Donald Trump gets a lesson in the English language

United States presidential candidate Donald Trump might want to buy himself a dictionary and read it before his next debate with Hillary Clinton.

During the debate on Monday, September 26, the Republican nominee used the word ‘braggadocious’, which promoted both curiosity and humour online.

Read more: The words you might not be saying correctly

In response to a question on Twitter about Trump’s use of the word, Merriam-Webster offered up a vocabulary lesson.

“He was trying for braggadocio,” the dictionary replied.

Ad. Article continues below.

‘Braggadocio’ refers to boastful behaviour, or a braggart. You’ll find it in most dictionaries, but perhaps what you won’t find is the adjective version as employed by Trump because it’s considered to be and informal use.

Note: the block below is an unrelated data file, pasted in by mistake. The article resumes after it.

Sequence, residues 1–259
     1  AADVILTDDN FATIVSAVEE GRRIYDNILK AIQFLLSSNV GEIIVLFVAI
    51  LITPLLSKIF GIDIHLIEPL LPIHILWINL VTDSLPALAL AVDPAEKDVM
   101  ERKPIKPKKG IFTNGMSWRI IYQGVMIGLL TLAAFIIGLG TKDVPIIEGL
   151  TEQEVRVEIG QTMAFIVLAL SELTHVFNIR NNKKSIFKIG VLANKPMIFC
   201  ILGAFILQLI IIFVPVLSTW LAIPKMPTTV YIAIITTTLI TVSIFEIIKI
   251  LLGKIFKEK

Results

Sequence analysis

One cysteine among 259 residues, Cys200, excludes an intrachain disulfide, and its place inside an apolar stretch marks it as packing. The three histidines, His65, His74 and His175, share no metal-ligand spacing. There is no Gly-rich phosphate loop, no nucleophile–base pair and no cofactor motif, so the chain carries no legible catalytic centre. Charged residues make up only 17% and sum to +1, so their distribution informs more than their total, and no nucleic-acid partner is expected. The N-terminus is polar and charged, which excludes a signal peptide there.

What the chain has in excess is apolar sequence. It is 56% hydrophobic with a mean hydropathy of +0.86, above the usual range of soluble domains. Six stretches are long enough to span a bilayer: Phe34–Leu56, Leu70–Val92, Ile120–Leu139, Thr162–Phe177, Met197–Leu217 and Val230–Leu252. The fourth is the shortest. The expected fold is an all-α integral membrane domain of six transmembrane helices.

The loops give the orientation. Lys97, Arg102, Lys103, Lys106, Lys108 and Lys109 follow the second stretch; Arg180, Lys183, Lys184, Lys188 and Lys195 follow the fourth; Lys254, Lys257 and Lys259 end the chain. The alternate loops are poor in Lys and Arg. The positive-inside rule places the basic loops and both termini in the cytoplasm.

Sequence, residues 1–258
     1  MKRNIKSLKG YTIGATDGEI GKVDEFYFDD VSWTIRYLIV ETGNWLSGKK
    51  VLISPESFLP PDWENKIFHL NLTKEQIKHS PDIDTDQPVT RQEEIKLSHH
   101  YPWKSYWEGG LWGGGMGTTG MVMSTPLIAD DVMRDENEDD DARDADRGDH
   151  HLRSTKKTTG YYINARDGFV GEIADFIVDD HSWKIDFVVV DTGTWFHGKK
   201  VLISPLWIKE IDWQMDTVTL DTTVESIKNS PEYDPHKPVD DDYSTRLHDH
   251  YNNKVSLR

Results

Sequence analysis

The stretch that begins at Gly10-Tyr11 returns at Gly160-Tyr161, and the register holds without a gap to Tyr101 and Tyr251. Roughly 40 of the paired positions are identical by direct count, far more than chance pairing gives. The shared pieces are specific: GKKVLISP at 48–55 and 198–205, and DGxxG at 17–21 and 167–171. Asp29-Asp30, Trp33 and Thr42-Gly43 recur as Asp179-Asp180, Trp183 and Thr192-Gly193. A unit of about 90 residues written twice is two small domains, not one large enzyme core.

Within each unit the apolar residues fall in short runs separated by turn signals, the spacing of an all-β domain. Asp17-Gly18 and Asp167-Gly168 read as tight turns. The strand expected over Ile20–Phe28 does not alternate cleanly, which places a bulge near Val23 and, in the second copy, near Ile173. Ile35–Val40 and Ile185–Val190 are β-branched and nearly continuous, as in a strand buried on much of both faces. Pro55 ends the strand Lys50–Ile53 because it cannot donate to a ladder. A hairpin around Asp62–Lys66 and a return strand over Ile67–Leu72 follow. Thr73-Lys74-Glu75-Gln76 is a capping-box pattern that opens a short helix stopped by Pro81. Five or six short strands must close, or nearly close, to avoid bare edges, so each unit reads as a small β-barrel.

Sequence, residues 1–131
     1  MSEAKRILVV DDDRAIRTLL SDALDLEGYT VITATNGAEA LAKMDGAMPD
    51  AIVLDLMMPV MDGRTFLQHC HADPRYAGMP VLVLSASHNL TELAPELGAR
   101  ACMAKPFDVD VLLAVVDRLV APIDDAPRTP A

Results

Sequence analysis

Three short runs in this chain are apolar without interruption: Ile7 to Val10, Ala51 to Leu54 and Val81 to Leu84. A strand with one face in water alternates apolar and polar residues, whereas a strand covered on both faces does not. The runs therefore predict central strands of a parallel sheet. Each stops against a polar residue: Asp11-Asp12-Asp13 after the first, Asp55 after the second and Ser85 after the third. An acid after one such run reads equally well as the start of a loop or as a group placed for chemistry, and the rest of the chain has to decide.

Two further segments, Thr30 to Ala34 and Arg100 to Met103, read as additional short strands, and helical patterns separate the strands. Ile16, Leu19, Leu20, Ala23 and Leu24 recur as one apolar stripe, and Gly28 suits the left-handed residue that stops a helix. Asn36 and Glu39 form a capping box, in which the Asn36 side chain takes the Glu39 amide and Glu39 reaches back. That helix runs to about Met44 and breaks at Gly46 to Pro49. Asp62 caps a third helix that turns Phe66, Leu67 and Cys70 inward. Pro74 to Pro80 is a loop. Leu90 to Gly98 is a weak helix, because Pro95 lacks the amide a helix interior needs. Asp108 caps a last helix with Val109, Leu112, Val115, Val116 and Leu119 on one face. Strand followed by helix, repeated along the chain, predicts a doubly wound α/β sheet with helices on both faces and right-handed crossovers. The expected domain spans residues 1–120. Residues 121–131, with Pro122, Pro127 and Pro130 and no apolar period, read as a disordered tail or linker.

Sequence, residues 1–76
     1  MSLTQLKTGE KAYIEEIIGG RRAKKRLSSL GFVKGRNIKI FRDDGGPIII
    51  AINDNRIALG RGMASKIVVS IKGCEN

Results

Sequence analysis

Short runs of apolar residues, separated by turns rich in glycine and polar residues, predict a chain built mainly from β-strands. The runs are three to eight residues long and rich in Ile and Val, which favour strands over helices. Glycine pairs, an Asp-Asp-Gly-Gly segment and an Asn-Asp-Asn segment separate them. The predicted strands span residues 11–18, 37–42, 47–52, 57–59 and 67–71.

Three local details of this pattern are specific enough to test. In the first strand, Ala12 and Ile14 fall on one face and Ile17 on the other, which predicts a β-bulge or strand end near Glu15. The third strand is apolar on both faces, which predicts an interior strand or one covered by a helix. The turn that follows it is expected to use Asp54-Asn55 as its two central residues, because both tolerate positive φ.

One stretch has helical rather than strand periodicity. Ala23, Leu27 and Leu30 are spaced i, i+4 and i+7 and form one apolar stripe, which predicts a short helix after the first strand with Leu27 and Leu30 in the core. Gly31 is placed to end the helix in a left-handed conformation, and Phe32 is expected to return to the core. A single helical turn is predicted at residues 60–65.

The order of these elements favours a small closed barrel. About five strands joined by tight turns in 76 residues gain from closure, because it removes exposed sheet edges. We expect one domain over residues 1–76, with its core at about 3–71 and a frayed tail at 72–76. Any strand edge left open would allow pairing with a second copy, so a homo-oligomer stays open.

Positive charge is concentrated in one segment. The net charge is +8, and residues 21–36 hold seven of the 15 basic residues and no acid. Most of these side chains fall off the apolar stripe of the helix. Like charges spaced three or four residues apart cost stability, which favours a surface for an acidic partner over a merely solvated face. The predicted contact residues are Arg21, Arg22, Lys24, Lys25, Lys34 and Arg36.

Merriam-Webster noted a spike in searches for words used by Trump throughout the debate, with many concerned he was simply making them up.

Other searched for words on the online dictionary that were uttered by Trump include: ‘bigly’, which means “with great force or violently or strongly” but also can be used to refer to “boastfully, haughtily or proudly”; ‘stamina’; and ‘temperament’.

Ad. Article continues below.

It turns out that while these are all words, Donald isn’t using them in the way in which the dictionary defines. No wonder so many people were confused.

At any rate, the internet is having a great time poking fun at Donald Trump’s use of the English language.

Are there any words you struggle with the meaning of? What do you think of Donald Trump as a presidential candidate?